"On the other hand, the array might be able to operate in a fault-tolerant reconfigurable structure, even if a certain number of faults are present. This can be done by using a reconfiguration technique for restructuring the array statically (at fabrication time, for yield enhancement) or dynamically (during its operational lifetime, for improved reliability)."
SOFTWARE PRODUCTION (p. 77). "Software jobs are becoming bigger and more demanding. More people are needed to feed into the maw of the software engineering machine. Taking the approach that all we need is better personnel leaves us chasing a very small segment of the population. Further, as the complexity of software tools increases, the specialties multiply. For example, a certain amount of experience with relational databases is needed before minimum proficiency is reached. The years to be spent in that aspect of the business gaining knowledge and then applying it are at odds with gaining equally detailed knowledge in other areas (such as operating systems). Yet, we need both and more.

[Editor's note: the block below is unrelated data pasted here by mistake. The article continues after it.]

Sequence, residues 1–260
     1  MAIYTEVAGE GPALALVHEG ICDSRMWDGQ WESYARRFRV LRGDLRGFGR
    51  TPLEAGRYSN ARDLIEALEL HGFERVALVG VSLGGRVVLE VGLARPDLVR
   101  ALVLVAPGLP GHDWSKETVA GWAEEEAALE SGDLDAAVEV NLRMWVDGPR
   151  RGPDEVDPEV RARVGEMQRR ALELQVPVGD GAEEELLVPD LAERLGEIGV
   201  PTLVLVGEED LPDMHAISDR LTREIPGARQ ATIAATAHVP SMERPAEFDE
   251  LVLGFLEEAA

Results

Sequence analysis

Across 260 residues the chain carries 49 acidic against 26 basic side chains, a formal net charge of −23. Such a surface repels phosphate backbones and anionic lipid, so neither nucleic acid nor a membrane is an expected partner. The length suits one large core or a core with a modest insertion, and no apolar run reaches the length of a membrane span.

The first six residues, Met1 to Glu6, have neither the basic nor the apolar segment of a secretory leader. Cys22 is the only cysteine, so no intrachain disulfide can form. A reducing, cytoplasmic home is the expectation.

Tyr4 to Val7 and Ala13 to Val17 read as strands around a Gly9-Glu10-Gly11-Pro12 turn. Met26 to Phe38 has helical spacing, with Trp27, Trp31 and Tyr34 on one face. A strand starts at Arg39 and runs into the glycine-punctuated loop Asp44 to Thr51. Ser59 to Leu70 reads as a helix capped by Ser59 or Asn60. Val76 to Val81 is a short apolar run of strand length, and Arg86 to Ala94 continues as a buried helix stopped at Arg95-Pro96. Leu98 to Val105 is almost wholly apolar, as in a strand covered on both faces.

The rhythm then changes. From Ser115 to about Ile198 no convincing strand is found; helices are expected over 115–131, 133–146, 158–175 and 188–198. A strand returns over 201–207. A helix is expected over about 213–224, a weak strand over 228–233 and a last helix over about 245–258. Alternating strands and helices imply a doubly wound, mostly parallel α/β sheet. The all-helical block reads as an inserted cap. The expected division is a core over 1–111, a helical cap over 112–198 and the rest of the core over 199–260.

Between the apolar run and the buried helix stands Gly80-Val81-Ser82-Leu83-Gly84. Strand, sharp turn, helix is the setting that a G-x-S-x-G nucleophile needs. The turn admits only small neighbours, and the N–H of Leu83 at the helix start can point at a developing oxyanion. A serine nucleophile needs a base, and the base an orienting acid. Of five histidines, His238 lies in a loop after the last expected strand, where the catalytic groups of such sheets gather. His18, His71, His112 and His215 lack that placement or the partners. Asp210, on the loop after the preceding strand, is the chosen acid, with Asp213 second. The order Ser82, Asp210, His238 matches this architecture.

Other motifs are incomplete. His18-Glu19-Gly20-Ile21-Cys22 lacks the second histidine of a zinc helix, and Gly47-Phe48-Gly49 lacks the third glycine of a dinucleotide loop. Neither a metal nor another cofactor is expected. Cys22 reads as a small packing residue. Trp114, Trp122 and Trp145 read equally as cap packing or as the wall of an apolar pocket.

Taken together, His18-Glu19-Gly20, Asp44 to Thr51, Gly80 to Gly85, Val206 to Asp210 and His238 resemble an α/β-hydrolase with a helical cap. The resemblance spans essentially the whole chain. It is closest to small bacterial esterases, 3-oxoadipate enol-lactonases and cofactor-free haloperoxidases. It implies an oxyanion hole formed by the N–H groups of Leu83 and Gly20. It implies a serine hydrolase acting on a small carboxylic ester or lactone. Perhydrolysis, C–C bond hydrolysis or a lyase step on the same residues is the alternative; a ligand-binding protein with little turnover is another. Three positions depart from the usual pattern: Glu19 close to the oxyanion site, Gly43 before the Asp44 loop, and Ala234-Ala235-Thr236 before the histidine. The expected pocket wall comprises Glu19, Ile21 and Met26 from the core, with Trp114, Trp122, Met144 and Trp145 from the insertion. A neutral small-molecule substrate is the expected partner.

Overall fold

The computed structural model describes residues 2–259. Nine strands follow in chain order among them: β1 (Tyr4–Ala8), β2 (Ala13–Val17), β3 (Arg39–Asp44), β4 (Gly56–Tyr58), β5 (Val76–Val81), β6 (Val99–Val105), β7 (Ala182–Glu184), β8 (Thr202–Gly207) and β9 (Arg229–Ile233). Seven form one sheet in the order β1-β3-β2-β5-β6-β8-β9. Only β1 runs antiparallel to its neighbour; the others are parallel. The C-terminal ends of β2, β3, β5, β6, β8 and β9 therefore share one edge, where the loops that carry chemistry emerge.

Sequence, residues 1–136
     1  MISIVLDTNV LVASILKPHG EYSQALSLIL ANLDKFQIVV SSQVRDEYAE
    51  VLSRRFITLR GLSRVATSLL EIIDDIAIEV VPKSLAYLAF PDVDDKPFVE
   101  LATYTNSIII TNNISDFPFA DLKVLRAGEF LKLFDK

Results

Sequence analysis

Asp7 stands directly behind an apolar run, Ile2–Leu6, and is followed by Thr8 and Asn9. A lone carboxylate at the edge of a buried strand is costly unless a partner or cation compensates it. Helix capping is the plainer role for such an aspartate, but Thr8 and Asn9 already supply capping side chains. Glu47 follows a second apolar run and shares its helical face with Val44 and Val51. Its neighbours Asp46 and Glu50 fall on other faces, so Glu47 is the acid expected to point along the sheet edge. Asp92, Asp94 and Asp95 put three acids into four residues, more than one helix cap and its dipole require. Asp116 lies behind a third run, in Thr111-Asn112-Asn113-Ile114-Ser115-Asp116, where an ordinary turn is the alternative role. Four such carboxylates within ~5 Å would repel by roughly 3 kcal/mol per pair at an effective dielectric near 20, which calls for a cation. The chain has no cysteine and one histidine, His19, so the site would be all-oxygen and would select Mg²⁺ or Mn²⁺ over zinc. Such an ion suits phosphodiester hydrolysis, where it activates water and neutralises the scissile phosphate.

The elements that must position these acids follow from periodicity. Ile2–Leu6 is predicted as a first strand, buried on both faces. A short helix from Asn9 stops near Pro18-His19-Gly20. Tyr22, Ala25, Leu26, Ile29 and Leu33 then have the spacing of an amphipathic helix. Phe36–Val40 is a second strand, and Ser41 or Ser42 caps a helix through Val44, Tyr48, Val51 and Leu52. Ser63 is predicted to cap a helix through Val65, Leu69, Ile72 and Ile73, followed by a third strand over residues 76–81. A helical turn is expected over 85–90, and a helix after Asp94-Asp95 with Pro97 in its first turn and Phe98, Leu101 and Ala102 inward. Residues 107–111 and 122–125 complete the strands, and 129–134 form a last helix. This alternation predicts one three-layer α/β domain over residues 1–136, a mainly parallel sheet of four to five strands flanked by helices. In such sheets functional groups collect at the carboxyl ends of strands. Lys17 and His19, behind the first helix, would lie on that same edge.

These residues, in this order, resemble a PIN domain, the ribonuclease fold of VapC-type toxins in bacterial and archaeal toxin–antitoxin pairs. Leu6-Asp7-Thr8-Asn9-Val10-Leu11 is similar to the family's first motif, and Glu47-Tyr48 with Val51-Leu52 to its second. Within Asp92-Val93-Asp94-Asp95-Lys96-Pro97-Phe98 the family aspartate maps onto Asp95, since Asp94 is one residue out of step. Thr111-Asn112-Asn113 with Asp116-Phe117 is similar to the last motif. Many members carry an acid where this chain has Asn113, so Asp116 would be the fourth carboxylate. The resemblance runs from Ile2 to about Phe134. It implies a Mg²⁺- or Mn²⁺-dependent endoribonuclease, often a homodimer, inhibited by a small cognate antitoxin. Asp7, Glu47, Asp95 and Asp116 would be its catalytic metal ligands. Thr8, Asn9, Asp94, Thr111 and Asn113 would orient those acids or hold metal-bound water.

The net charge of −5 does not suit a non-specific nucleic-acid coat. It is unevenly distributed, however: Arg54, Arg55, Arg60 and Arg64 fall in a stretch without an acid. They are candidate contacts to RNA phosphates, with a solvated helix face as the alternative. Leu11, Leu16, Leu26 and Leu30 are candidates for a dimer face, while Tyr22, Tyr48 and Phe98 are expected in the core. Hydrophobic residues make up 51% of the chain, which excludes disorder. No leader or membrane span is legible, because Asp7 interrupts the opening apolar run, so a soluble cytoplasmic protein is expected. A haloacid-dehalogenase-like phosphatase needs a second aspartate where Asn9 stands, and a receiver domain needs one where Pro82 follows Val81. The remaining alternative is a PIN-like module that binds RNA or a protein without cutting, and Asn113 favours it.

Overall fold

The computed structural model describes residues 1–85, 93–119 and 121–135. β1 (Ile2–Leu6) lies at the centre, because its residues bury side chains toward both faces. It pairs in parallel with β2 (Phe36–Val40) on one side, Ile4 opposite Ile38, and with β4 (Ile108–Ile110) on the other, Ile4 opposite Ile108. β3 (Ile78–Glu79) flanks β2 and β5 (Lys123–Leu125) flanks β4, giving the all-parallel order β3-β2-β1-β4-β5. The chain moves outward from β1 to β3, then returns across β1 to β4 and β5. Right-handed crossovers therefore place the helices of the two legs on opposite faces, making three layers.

"In part, this is an education issue, and criteria for master's degrees in computer science are evolving. But, in the overall sense, our industry is moving in the direction of requiring the use of ever-increasingly sophisticated tools that take time to learn and even more time for proficiency. We are blindly approaching a time when we will be spending all our time learning tools and no time doing work.
NOTEBOOK COMPUTERS (p. 116). "Compaq Computer claims to offer full PC functionality in its new notebook-sized computers, the LTE/286 and LTE. The new computers measure 8.5 × 11 × 2 inches and weigh 6 pounds with batteries. They come with 640 Kbytes of RAM, a 20- or 40-Mbyte hard disk drive, a 1.44-Mbyte 3.5-inch floppy disk drive, an 80-key keyboard with 101-key compatibility, a backlit supertwist LCD display with 640 × 200 resolution, and an operational 2,400-baud modem."
PDFs of the articles and departments from Computer's January 1990 issue are available to Computer Society members with a Web account at www.computer.org/computer.